The Challenge of Complex Systems

  • A System is a set of interacting components--whether human-made, naturally-occuring, or a combination of both.
  • By "interact", we mean the exchange of physical force, energy, mass flow, or information, such that one component can change the state of another component.
  • The technologies or natures of these systems may be mechanical, chemical, electronic, biological, informational, or combinations of these or others.
  • The behavior of a system can include "emergent" aspects that are not a characteristic of any individual component, but arise from their combination.
  • Emergent properties can be valuable (e.g., delivery of new services) or undesired (e.g., dangerous or unstable).
  • The behavior of a system is often not easily predicted from the behavior of its individual components, and may also be more complex.
  • The complexity of human-engineered systems is growing, in response to demands for increased sophistication, in response to market or military competition, and enabled by technologies.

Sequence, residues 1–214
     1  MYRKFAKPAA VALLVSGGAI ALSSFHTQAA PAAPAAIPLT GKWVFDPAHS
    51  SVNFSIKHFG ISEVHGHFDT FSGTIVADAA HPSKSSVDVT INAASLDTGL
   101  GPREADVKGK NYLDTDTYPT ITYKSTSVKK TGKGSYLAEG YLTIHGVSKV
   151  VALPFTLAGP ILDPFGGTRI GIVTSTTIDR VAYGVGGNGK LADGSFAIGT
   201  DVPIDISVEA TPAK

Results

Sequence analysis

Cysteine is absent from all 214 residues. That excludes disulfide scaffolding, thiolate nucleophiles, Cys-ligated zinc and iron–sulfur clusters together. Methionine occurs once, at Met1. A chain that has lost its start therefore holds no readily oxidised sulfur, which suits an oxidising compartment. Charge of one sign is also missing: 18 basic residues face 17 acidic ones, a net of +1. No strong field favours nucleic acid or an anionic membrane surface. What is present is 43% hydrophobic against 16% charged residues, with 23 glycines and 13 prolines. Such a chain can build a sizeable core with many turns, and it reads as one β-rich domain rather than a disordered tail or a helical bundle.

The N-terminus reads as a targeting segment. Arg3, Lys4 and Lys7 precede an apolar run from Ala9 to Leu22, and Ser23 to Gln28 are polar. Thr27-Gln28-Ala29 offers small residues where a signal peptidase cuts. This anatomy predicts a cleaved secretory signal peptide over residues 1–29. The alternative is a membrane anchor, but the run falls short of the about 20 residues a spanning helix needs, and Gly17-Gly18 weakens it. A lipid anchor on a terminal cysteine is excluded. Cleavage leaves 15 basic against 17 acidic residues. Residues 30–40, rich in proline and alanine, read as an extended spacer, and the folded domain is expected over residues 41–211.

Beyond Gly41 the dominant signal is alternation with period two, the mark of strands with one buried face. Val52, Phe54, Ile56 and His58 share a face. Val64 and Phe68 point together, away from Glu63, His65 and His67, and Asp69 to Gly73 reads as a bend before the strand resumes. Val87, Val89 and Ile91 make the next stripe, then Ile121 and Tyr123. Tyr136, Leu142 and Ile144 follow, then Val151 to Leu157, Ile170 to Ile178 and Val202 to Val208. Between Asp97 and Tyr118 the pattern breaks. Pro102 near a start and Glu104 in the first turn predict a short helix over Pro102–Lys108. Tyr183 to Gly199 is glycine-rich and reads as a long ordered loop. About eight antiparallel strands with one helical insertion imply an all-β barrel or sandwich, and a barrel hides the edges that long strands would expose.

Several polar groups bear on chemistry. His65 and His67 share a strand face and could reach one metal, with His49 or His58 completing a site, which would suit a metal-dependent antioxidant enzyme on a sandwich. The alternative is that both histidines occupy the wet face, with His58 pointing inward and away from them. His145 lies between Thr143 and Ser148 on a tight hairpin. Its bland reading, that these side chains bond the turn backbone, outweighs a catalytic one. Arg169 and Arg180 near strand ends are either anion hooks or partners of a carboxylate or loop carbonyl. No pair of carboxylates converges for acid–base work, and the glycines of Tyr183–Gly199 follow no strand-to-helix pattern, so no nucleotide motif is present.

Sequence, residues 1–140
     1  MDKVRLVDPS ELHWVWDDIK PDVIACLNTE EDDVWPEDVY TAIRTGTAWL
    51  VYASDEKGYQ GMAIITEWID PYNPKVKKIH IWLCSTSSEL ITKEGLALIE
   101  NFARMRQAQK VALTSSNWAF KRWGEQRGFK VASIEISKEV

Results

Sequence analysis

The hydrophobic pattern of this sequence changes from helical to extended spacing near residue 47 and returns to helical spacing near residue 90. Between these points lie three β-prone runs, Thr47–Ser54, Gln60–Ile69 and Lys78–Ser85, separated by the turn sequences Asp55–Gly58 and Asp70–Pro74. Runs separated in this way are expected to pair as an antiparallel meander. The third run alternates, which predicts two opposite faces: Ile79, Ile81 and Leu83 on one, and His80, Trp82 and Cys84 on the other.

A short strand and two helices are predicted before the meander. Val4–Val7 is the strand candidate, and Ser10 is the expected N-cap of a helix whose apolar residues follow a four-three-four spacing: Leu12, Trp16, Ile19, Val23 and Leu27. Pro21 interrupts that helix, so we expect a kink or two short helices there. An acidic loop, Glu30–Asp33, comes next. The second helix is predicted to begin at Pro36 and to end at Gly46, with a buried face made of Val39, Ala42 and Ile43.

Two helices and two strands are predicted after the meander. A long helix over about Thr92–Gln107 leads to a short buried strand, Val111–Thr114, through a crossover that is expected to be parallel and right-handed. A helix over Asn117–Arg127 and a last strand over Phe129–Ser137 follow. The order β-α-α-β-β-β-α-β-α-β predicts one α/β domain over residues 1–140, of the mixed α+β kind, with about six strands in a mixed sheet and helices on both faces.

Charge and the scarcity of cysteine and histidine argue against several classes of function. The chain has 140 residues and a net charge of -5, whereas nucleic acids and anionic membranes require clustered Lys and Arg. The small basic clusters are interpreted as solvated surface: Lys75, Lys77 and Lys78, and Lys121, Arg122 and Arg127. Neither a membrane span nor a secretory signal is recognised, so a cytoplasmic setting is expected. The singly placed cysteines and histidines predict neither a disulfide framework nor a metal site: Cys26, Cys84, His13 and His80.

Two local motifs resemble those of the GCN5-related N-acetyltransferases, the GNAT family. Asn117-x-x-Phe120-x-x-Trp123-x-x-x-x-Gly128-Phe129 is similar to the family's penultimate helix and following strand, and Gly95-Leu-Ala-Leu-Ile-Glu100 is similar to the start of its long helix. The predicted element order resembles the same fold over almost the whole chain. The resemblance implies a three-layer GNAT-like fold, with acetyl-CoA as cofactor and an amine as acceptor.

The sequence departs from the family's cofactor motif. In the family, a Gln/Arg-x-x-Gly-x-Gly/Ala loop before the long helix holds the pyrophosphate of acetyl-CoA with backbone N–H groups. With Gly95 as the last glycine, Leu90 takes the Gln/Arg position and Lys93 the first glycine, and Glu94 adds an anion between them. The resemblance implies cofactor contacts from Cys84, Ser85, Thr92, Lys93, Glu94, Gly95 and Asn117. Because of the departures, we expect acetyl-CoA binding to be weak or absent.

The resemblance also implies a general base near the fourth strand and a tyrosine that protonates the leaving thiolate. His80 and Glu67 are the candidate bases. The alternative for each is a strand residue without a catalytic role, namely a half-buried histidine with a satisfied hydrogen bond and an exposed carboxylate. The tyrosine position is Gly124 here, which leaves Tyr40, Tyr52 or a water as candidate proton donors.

• It has become relatively easy to construct systems which cannot be so readily understood. 
  • This leads to challenges throughout the life cycle of systems, including human ability to:
    • Design
    • Manufacture
    • Distribute
    • Maintain
    • Test
    • Operate
    • Use
    • Support
    • Diagnose
    • Describe, Specify
    • Predict
    • Modify
    • Extend
    • Decommssion
    • Dispose of 
  • The work of specialists in individual disciplines, such as mechanical, electrical, software, process, or other branches of engineering, materials science, human factors, quality, manufacturing, distribution, or other areas is challenging to coordinate, to obtain the overall results sought at acceptable cost, schedule, or risk.
  • Systems Engineering has emerged over the last half-century as an approach to these challenges, over the life cycle of human-engineered systems. 
  • Systems Science is emerging as a scientific and mathematical basis for understanding the systemic nature of natural and human-engineered systems.